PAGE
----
Last year was my first year to attend Stanford’s Medicine X conference.
The learning curve was steep, and this year was no different – so many different perspectives, all with one thing in common: a creative, educated and informed position with the desire to disrupt the current failing healthcare model. As it pertains to our community of those injured by an undertested and ill-fated, medical device, I want to focus on the main takeaways that can inform and unite our community.
1. #MedX TAKEAWAY: Gimme my damn data!
There were several ePatient scholars, including @ePatientDave and @BraveBosom, who discussed at length the current problems surrounding medical records and who owns them. You might find this shocking, but most of us don’t own the rights to OUR OWN medical records. With the mandate of the Affordable Care Act, and its requirement that all providers migrate to an EMR (Electronic Medical Records) system, it’s especially important to understand that you MUST request your medical records on-the-spot at EVERY DOCTOR’S VISIT OR HOSPITAL STAY. If you’re unable to get your data then, wait a few weeks, and order your records from the institution’s Medical Records Office.
The reason: Soon, you might not have access to your data.
This map reflects, by state, who owns YOUR healthcare data.
Are you surprised to learn that you, as the patient, own your data outright, but . . . ONLY IF YOU LIVE IN NEW HAMPSHIRE?!
Unfortunately, the state has a population of just 1.3 million, a tiny fraction of the U.S. population which is just under 322 million people!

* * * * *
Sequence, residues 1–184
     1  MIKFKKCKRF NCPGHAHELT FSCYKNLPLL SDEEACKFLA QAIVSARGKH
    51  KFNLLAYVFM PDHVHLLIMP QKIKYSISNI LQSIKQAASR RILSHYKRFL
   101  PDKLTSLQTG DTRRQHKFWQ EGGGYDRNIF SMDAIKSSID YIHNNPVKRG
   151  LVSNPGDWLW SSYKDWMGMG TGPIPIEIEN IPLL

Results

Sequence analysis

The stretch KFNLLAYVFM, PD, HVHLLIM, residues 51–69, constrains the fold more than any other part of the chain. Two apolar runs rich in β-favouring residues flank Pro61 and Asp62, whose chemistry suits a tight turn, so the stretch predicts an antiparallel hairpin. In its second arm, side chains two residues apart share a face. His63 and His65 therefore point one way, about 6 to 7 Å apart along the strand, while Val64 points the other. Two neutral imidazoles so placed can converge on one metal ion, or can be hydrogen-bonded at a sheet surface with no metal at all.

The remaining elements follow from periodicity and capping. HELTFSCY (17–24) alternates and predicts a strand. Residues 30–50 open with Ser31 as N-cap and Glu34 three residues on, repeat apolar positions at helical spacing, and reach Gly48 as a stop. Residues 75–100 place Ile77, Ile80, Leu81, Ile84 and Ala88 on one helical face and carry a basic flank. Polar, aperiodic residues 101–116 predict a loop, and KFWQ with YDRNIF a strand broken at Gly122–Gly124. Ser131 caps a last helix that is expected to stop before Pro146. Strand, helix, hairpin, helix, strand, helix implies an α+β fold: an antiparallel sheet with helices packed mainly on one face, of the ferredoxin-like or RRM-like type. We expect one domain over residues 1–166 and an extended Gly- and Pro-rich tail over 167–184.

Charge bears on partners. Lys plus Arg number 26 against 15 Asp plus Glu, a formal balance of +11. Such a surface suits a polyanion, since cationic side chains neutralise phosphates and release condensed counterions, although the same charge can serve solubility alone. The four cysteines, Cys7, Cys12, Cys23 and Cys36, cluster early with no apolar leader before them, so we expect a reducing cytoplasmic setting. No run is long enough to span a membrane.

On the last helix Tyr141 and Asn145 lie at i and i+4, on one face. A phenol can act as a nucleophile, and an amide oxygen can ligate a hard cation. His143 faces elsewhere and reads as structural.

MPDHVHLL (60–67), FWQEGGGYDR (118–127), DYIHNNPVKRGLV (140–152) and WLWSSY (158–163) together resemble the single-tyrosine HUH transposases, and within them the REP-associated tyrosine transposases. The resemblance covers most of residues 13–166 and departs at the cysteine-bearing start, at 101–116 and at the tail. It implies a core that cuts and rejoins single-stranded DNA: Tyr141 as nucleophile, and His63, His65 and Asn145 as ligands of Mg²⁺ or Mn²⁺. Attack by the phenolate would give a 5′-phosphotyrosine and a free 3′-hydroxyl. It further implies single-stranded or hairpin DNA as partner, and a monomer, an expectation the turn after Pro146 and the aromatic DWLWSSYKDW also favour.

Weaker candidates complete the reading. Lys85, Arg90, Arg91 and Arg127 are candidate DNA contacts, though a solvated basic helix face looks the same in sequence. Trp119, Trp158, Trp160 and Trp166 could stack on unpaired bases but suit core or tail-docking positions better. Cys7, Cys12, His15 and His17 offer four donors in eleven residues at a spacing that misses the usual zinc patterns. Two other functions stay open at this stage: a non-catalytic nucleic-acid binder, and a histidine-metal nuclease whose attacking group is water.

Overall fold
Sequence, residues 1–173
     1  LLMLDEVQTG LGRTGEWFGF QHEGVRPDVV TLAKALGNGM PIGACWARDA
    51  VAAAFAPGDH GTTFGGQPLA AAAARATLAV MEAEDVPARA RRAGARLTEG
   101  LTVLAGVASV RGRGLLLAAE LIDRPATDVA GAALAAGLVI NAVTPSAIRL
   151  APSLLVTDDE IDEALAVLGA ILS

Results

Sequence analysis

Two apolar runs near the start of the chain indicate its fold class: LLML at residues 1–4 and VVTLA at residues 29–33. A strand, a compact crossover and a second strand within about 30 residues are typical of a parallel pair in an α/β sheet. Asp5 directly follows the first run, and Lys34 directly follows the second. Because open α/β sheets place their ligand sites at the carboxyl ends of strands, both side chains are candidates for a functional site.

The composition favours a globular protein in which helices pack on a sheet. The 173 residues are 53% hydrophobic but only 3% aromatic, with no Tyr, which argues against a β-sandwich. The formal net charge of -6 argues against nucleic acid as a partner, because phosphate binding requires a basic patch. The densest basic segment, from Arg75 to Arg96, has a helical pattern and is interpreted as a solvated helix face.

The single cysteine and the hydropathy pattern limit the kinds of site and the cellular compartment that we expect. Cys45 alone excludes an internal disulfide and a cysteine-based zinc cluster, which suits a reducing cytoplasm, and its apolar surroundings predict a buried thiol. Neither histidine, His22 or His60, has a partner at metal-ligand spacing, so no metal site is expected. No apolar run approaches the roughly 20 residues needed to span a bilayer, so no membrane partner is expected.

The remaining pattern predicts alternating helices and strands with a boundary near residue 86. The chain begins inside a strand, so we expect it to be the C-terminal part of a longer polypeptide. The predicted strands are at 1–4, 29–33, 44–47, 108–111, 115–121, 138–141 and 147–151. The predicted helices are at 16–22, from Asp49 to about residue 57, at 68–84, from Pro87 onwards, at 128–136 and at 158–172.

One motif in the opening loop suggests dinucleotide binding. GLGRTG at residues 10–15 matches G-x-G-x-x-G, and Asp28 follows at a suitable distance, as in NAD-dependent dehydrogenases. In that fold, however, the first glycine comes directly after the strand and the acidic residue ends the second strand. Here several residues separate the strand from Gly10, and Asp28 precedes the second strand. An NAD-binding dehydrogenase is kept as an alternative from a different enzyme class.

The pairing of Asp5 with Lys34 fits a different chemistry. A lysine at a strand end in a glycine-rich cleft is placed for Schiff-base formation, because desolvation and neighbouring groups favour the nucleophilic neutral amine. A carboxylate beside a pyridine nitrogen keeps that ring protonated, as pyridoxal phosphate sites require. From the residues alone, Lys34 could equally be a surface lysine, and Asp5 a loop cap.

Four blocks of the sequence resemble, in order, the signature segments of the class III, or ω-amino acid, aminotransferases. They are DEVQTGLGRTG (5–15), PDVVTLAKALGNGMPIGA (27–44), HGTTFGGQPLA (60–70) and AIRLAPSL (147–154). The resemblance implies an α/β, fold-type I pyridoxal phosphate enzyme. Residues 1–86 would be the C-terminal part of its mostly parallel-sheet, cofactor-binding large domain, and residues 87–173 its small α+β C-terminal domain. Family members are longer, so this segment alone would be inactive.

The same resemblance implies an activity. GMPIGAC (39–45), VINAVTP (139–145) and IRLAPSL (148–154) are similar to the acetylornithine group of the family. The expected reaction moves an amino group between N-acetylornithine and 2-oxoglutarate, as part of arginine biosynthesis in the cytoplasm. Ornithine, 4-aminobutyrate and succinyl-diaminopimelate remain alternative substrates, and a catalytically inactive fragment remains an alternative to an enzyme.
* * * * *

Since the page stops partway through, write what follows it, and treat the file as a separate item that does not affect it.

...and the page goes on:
So what does the average person – you or I – do about this obvious abuse of power? ADAPT.
There are ways you can collect your personal medical records NOW, so you have access to them, as up-to-date as possible, no matter what the future holds.
***Look for a blog post on Monday with solutions for retrieving, securing and storing YOUR medical records and data!***
2. #MedX TAKEAWAY: The Millennial Doctor. The future may be brighter than you think.
Stanford added a component to its #MedX conference this year, the Med|Ed curriculum. In the same way that executive director, Dr. Larry Chu, has turned the typical medical conference on its head with #MedX, with Med|Ed he’s done the same. The Med|Ed portion of the conference was designed to create an open and honest forum for pre-med and med school students as well as those in continuing education to express their needs and desires for improving the medical education they are receiving.
The change students wanted most: To be taught to be critical thinkers.